java MyProgram

where MyProgram is the name of the class that contains a main() method. Ordinarily, a Java program reads its "standard" input from the console, and writes its "standard" output to the console. In other words, when you use the System.out.println() method, the output goes to the console.

Most operating systems — Windows, Unix, and Linux, for example — allow you to redirect the standard input and output when you execute a program. The contents of an existing file may be redirected into the standard input, meaning that, rather than allowing the user to type input into the console, the program proceeds as though the user has typed the next line of the file each time the program requires input. Similarly, the standard output can be redirected into a file, meaning that all of the output to System.out will be stored in a file, rather than displayed on the console.

The typical mechanism for redirection is to use the less than operator and greater than operators on the command line, like this:

java MyProgram [my-input.txt]my-output.txt

Using the command above, every time the program needs input, it will read it from the file my-input.txt. Every time it writes output, it will write it to the file my-output.txt. It is possible to redirect the standard input without redirecting the standard output, and vice versa. Note that the operating system deals with the my-output.txt arguments itself before executing the program, so these will not end up in the array of Strings passed to the main() method. In fact, the Java program will not even be aware of the redirection! As far as the program is concerned, it's reading input from the console and writing output to the console. The operating system handles the redirection transparently.

This powerful and simple technique will allow you to write test input and reuse it many times while testing this program, so that you can test your database with large sets of data.

Limitations and advice

With the exception of ArrayList — which you'll probably want to use to store the values in each node — you may not use the predefined Java "collection" classes, such as java.util.TreeMap, in your solution. (The "collection" classes are the ones that store a collection of data, and include such classes as LinkedList, HashMap, Vector, Hashtable, and TreeMap.) Not surprisingly, java.util.concurrent.ConcurrentSkipListMap is definitely off-limits.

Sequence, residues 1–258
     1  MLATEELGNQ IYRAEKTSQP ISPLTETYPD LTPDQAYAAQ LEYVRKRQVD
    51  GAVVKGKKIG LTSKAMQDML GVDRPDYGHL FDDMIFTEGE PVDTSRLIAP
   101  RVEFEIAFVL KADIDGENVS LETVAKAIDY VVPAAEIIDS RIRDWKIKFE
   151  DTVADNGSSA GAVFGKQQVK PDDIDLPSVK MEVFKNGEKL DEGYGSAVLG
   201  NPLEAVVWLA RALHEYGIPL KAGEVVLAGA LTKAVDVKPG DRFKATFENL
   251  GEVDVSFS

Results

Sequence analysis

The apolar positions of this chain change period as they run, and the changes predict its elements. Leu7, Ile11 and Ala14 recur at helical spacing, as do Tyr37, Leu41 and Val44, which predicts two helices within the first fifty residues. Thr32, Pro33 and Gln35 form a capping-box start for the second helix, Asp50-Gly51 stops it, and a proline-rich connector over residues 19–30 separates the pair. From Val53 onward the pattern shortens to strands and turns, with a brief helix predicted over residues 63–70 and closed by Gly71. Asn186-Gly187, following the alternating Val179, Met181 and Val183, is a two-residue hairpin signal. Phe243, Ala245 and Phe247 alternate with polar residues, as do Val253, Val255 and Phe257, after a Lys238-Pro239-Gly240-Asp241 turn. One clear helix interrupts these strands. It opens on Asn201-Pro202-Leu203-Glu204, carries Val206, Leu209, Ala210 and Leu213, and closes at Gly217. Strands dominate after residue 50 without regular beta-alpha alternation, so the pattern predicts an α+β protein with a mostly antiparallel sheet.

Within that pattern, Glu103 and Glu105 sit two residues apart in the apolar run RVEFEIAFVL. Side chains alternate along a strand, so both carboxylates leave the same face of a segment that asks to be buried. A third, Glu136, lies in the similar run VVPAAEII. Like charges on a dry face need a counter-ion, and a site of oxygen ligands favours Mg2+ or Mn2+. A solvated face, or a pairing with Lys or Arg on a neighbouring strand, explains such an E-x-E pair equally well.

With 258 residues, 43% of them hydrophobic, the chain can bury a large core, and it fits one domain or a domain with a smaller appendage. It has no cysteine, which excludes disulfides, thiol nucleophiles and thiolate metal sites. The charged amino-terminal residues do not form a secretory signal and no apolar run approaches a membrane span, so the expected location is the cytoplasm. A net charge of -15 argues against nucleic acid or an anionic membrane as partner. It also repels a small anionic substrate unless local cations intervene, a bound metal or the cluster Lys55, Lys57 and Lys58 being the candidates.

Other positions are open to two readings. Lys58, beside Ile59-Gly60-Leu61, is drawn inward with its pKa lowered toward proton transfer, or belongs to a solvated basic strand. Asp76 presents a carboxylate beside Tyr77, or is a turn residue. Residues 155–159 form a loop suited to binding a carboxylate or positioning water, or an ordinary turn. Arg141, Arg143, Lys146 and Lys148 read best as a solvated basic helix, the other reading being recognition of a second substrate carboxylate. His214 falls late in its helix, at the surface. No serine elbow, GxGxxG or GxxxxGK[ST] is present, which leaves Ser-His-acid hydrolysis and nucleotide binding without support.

I can't stress enough the need to start early. The previous two projects involved a lot of conceptual thinking, but not very much coding. This project, on the other hand, will require you to write more code and do more design. It's actually not as big as you may believe, but I would allocate plenty of time to work on it, so that you can get your questions answered early on, and still have plenty of time to write the code and verify that it's working.

Additional challenges

For those of you looking for additional challenges, I suggest attempting to make your SkipList into a generic class, as I did. (I didn't make this a requirement, because it requires some rather difficult-to-master Java syntax that hasn't likely been taught in a course you've taken, and is somewhat out of the scope of this course.)

Making your SkipList generic is trickier than making something like a stack or a linked list generic, since your SkipList is a map implementation and, thus, needs two type parameters: a key type (K) and a value type (V). Furthermore, not all types can be used as keys; since the keys on each level of a SkipList must be stored in ascending order, the keys must be comparable (i.e., it must be possible to compare two keys and decide which one is smaller). This requires the use of bounded type parameters, which you use to tell Java that the key type parameter can only be filled in with certain types. While the concept is not especially difficult to understand, there are some syntactic issues to watch out for, with error messages emanating from the compiler that may not make a lot of sense initially when you misstep.

If you're interested in exploring this, talk to me; I'd be very glad to point you in the right direction, and I encourage you to take the plunge, especially if you finish the project early and decide you want to continue your work. Bear in mind that no extra credit is offered in this course, so making your SkipList generic is a task that won't improve your score. On the other hand, it will teach you some valuable Java design skills that will benefit you in the long run, both in future courses and beyond.